image

Figure 4. Distribution of diabetes among recipients of kidneys obtained from deceased diabetic kidney donors (Numbers on the bars represent the actual number of diabetic donor kidneys transplanted in each category of recipient for each year).

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image

Figure 5. (A) Comparison of overall renal allograft survival of organs obtained from diabetic donors directed to diabetic and nondiabetic recipients. (B) Comparison of death censored renal allograft survival of organs obtained from diabetic donors directed to diabetic and nondiabetic recipients.

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Discussion

  1. Top of page
  2. Abstract
  3. Introduction
  4. Methods
  5. Results
  6. Outcomes
  7. Discussion
  8. Conclusion
  9. Acknowledgments
  10. Disclosure
  11. References
  12. Supporting Information

We utilized the UNOS database to analyze the procurement and transplant rates of kidneys from deceased donors with diabetes mellitus, and the outcomes of transplantation with these kidneys. The overall number of deceased diabetic donor kidneys procured and transplanted has increased dramatically over the past decade. Despite the increase in the use of renal allografts from diabetic donors, there seems to be a relative paucity of data focusing on the outcomes of kidneys obtained from diabetic donors. A small single center in 2002 analysis demonstrated the absence of significant differences in graft survival between recipients of diabetic and nondiabetic donor kidneys (6). An early analysis of the UNOS registry (2000) suggested a slightly lower 3-year graft survival (75% vs. 72%) for organs from diabetic donors compared to controls. In this study, the duration of donor diabetes was not an independent predictor of outcomes (10). A more recent propensity score matched comparison of diabetic donor outcomes also demonstrated statistically significant inferior outcomes for these organs but noted that the absolute difference in graft survival was small (hazard ratio of 1.11) over the 10-year study period, supporting the utilization of these organs (8). In contrast, this analysis suggested that longer duration of diabetes in the donor was associated with worse outcomes (8). The rising prevalence of obesity and diabetes in the population is changing the comorbidity profile of the deceased donor pool. This change is being accompanied by an increasing procurement rate of diabetic donor kidneys.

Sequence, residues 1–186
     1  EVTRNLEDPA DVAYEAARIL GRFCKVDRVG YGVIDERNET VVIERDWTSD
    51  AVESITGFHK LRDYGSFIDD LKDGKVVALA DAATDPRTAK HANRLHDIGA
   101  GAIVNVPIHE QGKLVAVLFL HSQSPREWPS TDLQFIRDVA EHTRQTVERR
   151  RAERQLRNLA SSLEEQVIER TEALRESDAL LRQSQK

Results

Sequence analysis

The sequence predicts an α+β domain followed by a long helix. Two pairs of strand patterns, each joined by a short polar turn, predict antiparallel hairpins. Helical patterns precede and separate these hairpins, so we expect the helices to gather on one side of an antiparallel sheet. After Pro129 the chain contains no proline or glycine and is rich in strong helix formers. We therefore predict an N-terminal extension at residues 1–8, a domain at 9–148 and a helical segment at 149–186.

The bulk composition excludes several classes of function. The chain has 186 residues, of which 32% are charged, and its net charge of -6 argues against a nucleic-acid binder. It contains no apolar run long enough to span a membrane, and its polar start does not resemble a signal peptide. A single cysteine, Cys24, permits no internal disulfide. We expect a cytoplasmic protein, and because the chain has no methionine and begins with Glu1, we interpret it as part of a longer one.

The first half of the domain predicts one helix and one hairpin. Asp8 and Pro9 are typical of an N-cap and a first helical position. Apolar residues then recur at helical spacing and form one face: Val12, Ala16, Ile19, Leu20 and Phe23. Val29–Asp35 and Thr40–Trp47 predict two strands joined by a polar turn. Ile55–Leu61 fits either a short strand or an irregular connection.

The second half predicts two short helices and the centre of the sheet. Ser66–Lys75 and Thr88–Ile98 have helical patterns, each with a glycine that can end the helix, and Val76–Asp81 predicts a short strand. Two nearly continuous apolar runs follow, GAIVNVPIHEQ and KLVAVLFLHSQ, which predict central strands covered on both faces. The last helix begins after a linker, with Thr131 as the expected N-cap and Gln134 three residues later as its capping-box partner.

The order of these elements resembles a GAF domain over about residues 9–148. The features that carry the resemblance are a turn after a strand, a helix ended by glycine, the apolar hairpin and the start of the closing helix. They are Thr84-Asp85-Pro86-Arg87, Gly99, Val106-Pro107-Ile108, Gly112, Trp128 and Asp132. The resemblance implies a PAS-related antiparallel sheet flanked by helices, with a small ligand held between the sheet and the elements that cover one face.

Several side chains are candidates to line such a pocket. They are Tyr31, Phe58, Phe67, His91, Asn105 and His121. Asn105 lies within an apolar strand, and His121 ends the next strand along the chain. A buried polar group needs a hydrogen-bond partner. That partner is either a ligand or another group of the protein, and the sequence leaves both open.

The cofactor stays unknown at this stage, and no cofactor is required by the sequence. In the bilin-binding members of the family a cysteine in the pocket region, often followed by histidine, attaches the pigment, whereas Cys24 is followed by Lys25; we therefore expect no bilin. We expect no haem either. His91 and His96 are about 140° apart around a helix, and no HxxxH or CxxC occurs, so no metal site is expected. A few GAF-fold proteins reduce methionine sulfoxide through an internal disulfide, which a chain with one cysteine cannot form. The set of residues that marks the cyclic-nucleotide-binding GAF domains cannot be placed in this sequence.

Before 2000, overall 15% of kidneys obtained from deceased donors were discarded—but over 50% of kidneys obtained from donors older than 60 were discarded (11,12). Appropriate characterization of kidneys from older donors and quantification in 2001 of the risk of graft failure associated with transplantation of such organs (eventually labeled as ECDs) contributed to an increased use of ECD kidneys (11,12). Notably donor diabetes is not included as a part of the definition for ECDs. Some centers reported doubling of their transplant volume with the use of ECD labeled organs for preselected recipients; there was a parallel increase in the number of recovered organs by organ procurement organizations from donors who were older than 60 (13–15). Following implementation of the ECD policy there was an increase in the allocation of ECD organs to older recipients shortening their time on the waiting list, and this seemed consistent with the analyses of certain patients are likely to benefit the most from the use of such organs (16,17).

Before discarding diabetic donor kidneys, one must consider the clear evidence that renal transplantation provides a significant survival benefit among patients with end stage renal disease as compared to hemodialysis (18–20). This leads to an obvious impetus to increase the donor pool of usable kidneys. To accomplish this, there is a need to develop a better understanding of outcomes associated with the use of organs from “marginal” donors. We need to expand the number of kidneys available for transplantation, and then ensure appropriate allocation of such organs to patients most likely to benefit and thus improve overall outcomes. Kidneys obtained from diabetic donors who may be best characterized as “marginal” may have a poorer outcome than those obtained with SCD kidneys but when D-SCD allograft survival is compared not with SCD organs but rather with survival of currently acceptable ECD kidneys, they have reasonable outcomes and provide a very useful organ donor source.